But hypoagency in fiction isn't exclusive to female characters. Harry Potter, for one, has very little agency at all. The Dursleys boss him around, then a giant swoops in on a flying motorcycle to carry him away, then the whole wizarding world tells him he's a hero and he learns to act the part. Throughout the series he's rescued from mortal danger by his classmates, by the mark of his mother's love, by his father's surviving friends, by his father's surviving enemies, by centaurs and Snowy Owls and gay 130-year-old headmasters. In most of the books, his heroics are secretly orchestrated by the devious Lord Voldemort or his followers. Even his weapons find him, not the other way around (his wands chose their master, the Sword of Godric Gryffindor pops out of a hat at his convenience, etc.).
There's one big difference between Harry Potter and Samantha Sweeting: Harry's adventures begin when he's 11 years old. Samantha Sweeting is 29. Children and adolescents don't have much autonomy in real life—their thoughts and actions are controlled by the peers and adults around them. So in young adult fiction, just the illusion of agency is enough. Bella Swan can sit around mooning over Edward while vampires and werewolves play tug-of-war over her baby, and teen girls will love it because they're not used to controlling their own lives anyway.
In real adult life, much of our behavior is dictated by other people, too. We make money to pay our landlords and utility companies. We dress up and work hard to please our bosses. We put on smiles to get along with our neighbors and we follow the law to avoid conflicts with the government. But in fiction, at least, adult characters should act like they have free will. They should do something.
Kinsella didn't have to make Samantha Sweeting a helpless princess who's never used a vacuum in her life. She didn't have to make her a spineless brat who runs away from her responsibilities and hides in a web of lies. There are many alternative scenarios with the same basic premise that could have worked.
- High-powered lawyer Samantha Sweeting is fired from a prestigious City firm. Suspecting some unsavory business behind her termination, she becomes a housekeeper for the family of a wealthy banking director to reveal his evil-doings and recover her job.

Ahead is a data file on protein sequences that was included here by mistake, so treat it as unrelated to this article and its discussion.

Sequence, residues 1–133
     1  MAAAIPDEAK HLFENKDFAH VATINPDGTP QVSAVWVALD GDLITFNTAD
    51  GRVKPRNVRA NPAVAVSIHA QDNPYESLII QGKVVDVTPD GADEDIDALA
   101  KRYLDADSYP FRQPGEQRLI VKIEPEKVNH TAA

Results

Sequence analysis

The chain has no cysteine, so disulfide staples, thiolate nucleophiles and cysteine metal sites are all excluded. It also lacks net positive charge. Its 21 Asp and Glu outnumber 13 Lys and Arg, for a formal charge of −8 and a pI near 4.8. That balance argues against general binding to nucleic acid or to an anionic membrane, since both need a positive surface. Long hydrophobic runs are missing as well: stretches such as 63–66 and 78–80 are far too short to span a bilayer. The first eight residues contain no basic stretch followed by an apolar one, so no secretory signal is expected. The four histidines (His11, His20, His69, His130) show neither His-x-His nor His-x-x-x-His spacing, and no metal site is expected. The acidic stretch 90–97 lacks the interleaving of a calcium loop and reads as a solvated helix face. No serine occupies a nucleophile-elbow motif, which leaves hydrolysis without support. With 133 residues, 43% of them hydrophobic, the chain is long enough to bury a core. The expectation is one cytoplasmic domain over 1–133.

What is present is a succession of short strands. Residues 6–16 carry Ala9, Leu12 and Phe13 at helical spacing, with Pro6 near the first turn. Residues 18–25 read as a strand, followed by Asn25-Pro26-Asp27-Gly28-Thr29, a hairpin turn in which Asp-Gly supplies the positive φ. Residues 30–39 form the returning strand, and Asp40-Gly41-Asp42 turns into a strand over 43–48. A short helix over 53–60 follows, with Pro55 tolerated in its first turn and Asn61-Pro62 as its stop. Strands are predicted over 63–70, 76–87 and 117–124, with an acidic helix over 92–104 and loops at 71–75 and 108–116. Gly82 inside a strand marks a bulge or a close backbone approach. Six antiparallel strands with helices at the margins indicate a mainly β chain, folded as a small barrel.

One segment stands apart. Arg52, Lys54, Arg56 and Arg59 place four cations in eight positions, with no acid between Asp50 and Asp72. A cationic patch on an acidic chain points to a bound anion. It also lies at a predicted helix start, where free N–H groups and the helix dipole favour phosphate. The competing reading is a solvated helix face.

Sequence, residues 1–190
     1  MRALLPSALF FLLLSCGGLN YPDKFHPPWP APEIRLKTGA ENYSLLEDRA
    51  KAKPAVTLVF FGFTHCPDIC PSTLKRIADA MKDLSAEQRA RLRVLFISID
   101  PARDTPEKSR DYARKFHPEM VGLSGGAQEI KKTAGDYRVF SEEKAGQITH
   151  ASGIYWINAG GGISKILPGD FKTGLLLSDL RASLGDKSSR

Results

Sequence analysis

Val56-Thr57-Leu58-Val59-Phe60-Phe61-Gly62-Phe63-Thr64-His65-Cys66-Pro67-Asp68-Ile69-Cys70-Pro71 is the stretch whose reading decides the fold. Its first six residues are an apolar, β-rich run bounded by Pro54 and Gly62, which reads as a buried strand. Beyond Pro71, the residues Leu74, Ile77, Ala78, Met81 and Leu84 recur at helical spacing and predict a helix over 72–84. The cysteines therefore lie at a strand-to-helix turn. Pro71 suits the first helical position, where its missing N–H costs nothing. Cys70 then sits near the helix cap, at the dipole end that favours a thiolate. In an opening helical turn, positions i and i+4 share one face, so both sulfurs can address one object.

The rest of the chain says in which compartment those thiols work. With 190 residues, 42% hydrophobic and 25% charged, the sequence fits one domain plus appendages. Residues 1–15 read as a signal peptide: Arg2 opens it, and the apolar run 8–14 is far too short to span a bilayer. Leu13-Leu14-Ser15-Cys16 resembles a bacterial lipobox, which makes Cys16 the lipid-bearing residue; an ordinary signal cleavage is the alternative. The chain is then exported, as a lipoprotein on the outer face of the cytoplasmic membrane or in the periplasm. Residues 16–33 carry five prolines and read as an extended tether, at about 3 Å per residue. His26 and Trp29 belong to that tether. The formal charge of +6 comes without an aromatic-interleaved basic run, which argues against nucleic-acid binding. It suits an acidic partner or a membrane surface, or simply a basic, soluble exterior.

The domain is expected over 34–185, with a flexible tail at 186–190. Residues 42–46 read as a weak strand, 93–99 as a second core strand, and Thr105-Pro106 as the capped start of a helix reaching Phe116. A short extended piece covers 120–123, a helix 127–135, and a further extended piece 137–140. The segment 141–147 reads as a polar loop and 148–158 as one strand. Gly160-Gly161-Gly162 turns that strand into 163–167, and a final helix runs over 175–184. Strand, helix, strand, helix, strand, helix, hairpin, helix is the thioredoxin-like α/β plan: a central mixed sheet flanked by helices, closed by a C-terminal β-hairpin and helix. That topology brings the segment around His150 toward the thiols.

- After Samantha Sweeting loses her job at a prestigious City law firm, she moves to the country to set up an independent practice. But now that she's dropped from 500 pounds per hour to 5000 pounds per month, she needs to learn how to work the stove and fend for herself.
- After a lifetime of doing everything her high-achieving parents expect of her, Samantha Sweeting finally decides to live for herself. She quits from her stressful job at a prestigious City law firm and moves to the country to start afresh. Unfortunately, the only job opening around is for a head maid in the mansion of the village's wealthiest family. Samantha can barely spread butter on toast, but she sets out to prove her mother wrong and become the best damn housekeeper in the UK.
All of these would have given Kinsella the same material for laughs, but with a heroine who isn't a jellyfish on land. But then all of Kinsella's heroines are jellyfish, so I don't know what I was expecting. In Remember Me?, the heroine wakes up from an accident with the last three years of her memory erased, and she spends the book being pushed and pulled by the men who are apparently her husband and her secret lover. In Twenties Girl, the heroine is a bumbling rag doll for her dead great aunt, who's come back as a ghost to recover a family heirloom. I haven't read the Shopaholic series, but from the reviews I've seen they feature a heroine who lives for designer purses and romance and who makes the same stupid mistakes over and over.
Maybe these fictitious women are a reflection of Kinsella's own personality, but most likely she's using a formula that sells. From the 4 and 5-star reviews of her books, women like dumb, passive heroines. They like to pretend that all they have to do is look pretty and men will come running to set everything right. But plots and characters like these annoy the heck out of me.